WASHINGTON -- When North Korea handed over, it provided a single military dog tag but no other information that could help U.S. forensics experts determine their individual identities, a U.S. defense official said Tuesday. The official, who discussed previously undisclosed aspects of the remains issue on condition of anonymity, said it probably will take months if not years to fully determine individual identities from the remains, which have not yet been confirmed by U.S. specialists to be those of American servicemen.
The official did not know details about the single dog tag, including the name on it, or whether it was even that of an American military member. During the Korean War, combat troops of 16 other United Nations member countries fought alongside U.S. service members on behalf of South Korea. Some of them, including Australia, Belgium, France and the Philippines, have yet to recover some of their war dead from North Korea.
However, John Byrd, a U.S. Department of Defense forensic anthropologist told reporters at the Osan air base in South Korea that there was "no reason to doubt" that the boxes of remains "do relate to Korean War losses," and that at least some are likely American.
Byrd spoke to the Reuters news agency in Osan just before a repatriation ceremony at the base, after which the remains were to be flown to Hawaii for further analysis.
The 55 boxes were handed over at Wonsan, North Korea last Friday and flown aboard a U.S. military transport plane to Osan in South Korea, where U.S. officials catalogued the contents. After the repatriation ceremony at Osan on Wednesday, the remains will be flown to Hawaii where they will begin undergoing in-depth forensic analysis, in some cases using mitochondrial DNA profiles, at a Defense Department laboratory to attempt to establish individual identifications.
Defense Secretary Jim Mattis said last week that the return of the 55 boxes was a positive step but not a guarantee that the bones are American.
"We don't know who's in those boxes," he said. He noted that some could turn out to be those of missing from other nations that fought in the Korean War. "They could go to Australia," he said. "They have missing, France has missing, Americans have. There's a whole lot of us. So, this is an international effort to bring closure for those families."
Vice President Mike Pence, the son of a Korean War combat veteran, is scheduled to fly to Hawaii for a ceremony, which the military calls an "honorable carry ceremony," marking the arrival of the remains on American soil at Joint Base Pearl Harbor-Hickam on Wednesday. This will mark a breakthrough in a long-stalled U.S. effort to obtain war remains from North Korea, but officials say it is unlikely to produce quick satisfaction for any of the families of the nearly 7,700 U.S. servicemen who are still listed as missing and unaccounted for from the 1950-53 Korean War.
North Korea provided the 55 boxes in a delayed fulfillment of a commitment its leader, Kim Jong Un, made to President Donald Trump at their Singapore summit on June 12. Although the point of the summit was for Trump to press Kim on giving up his nuclear weapons, their joint statement after the meeting included a single line on an agreement to recover "POW/MIA remains, including the immediate repatriation of those already identified."
North Korea had told U.S. officials more than once in recent years that it had about 200 sets of U.S. war remains, although none was "already identified." It remains unclear whether the boxes provided on July 27 include all of the bones North Korea has accumulated over the years. In the past, the North has provided bones that in some cases were not human or that were additional bones of U.S. servicemen already identified from previously recovered remains.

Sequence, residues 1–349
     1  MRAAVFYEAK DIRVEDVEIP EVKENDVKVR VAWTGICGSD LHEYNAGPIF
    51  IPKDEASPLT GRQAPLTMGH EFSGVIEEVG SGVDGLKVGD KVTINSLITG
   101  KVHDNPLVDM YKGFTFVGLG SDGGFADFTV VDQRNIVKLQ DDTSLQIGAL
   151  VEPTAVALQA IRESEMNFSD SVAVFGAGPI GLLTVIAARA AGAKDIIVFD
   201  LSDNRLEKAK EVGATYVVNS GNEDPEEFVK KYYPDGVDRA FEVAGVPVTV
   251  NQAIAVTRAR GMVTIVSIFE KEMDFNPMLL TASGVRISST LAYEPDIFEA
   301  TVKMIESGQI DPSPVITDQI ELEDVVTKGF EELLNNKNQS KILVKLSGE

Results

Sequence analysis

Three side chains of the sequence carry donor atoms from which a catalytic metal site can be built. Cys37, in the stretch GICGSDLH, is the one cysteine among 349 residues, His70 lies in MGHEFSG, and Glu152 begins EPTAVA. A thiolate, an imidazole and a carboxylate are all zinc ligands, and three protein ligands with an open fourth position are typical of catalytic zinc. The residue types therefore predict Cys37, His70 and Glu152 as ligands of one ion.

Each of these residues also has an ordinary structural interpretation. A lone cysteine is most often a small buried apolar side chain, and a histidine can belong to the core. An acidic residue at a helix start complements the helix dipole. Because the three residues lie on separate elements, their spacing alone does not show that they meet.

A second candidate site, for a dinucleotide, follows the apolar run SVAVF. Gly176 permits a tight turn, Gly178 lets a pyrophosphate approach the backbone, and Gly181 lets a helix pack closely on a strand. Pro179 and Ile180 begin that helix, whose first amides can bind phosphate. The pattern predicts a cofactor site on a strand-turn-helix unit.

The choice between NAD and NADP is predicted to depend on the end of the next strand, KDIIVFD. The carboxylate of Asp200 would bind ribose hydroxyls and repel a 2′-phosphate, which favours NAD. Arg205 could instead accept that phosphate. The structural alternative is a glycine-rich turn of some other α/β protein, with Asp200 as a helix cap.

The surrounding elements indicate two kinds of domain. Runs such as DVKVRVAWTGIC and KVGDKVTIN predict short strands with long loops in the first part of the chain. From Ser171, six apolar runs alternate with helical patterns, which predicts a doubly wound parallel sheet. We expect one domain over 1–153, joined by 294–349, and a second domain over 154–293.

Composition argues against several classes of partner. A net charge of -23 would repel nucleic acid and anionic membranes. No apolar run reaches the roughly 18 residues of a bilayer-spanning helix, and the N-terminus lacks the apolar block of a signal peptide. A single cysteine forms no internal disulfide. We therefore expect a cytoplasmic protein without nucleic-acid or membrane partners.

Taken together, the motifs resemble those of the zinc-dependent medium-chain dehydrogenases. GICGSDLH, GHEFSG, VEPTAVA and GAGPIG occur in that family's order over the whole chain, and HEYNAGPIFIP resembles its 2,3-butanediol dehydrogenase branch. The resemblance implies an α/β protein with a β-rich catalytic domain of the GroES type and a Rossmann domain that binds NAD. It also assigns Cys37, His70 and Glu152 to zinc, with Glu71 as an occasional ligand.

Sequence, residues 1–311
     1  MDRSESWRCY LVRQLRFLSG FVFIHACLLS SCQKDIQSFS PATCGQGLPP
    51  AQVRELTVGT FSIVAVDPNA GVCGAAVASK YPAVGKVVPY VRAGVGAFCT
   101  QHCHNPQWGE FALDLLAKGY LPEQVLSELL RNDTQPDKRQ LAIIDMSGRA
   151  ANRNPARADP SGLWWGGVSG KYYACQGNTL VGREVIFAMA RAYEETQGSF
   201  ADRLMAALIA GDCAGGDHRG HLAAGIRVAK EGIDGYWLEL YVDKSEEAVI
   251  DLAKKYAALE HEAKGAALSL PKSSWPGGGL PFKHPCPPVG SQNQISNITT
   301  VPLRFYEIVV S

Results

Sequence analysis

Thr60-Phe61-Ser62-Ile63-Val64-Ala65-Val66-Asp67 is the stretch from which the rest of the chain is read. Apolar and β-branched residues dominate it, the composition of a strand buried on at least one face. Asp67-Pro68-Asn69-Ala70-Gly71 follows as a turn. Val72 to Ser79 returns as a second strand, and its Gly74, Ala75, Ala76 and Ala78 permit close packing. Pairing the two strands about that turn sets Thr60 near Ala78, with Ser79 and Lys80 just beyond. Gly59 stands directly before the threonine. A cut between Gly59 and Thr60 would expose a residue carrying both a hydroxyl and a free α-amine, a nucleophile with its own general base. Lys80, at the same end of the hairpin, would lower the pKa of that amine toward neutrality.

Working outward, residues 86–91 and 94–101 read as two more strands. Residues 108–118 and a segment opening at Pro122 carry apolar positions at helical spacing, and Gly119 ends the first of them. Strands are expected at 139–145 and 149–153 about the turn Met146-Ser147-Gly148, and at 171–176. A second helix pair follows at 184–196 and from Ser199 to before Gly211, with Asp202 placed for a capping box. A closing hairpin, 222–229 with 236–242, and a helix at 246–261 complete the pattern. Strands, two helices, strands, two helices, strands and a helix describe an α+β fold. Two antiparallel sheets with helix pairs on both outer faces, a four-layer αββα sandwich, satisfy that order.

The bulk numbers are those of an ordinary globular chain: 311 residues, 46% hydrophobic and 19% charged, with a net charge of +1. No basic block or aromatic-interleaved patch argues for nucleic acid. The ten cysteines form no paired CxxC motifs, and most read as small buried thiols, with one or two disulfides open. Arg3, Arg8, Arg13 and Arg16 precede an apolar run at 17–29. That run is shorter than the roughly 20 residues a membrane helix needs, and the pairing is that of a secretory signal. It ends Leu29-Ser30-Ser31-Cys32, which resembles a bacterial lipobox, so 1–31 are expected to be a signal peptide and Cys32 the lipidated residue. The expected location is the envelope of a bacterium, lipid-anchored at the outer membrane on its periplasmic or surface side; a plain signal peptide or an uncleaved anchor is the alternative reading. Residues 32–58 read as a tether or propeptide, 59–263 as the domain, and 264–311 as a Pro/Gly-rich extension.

The Pentagon estimates that of the approximately 7,700 U.S. MIAs from the Korean War, about 5,300 are unaccounted for on North Korean soil. Many were buried in shallow graves near where they fell on the battlefield; some others died in North Korean or Chinese-run prisoner of war camps.
Efforts to recover remains in North Korea have been fraught with political and other obstacles since the war ended on July 27, 1953. Between 1990 and 1994, North Korea unilaterally handed over 208 caskets to the U.S., which turned out to contain remains of far more than 208 individuals, although forensics specialists thus far have established 181 identities. In addition, a series of U.S.-North Korean recovery efforts, termed "joint field activities," between 1996 and 2005 yielded 229 caskets of remains, of which 153 have been identified, according to the Pentagon.
The Trump administration, as part of the Singapore agreement, is pursuing discussions with North Korea on resuming those "field activities," for which past administrations have paid millions of dollars in donated vehicles, equipment, food and cash at the request of the North Koreans. The U.S. official who discussed aspects of the return of the 55 boxes on condition of anonymity said the U.S. is considering the possibility of including South Korea in future searches for remains in North Korea. It's not clear whether negotiations for such an arrangement are under way.
Richard Downes, whose father, Air Force Lt. Hal Downes, is among the Korean War missing, says this turnover of remains, having drawn worldwide attention, has the potential to put the U.S. back on track to finding and eventually identifying many more.
Downes, 70, was 3½ when his father's B-26 Invader went down on Jan. 13, 1952, northeast of Pyongyang, the North Korean capital. His family was left to wonder about his fate. Downes, now executive director of the Coalition of Families of Korean and Cold War POW/MIAs, which advocates for remains recovery, said he hopes the boxes that arrive in Hawaii on Wednesday prove to be a vanguard that leads to a fuller accounting for families.
"These 55 can set the stage for more to come," Downes said.